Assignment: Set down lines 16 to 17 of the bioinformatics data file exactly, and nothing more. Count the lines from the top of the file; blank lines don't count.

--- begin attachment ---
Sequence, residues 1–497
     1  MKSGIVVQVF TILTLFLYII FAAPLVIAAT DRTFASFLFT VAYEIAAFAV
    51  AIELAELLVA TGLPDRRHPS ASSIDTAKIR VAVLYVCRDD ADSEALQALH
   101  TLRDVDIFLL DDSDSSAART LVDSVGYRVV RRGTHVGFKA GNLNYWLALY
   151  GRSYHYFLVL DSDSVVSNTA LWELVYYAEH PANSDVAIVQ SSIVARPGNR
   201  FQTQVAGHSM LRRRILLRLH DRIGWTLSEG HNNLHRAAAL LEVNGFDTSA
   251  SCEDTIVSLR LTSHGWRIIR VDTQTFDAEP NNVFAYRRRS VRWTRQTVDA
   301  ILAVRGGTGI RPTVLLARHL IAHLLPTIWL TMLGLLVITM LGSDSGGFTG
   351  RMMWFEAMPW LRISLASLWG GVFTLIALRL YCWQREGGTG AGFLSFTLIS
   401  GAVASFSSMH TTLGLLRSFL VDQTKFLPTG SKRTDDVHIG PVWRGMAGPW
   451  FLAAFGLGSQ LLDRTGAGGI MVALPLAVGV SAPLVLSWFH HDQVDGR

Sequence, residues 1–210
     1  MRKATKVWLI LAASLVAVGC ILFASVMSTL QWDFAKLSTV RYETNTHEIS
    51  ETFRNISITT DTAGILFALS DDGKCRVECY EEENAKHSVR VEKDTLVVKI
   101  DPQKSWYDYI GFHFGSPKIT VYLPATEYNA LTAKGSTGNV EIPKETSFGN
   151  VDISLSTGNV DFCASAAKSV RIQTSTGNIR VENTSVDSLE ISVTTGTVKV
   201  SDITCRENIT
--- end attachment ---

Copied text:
   151  VDISLSTGNV DFCASAAKSV RIQTSTGNIR VENTSVDSLE ISVTTGTVKV
   201  SDITCRENIT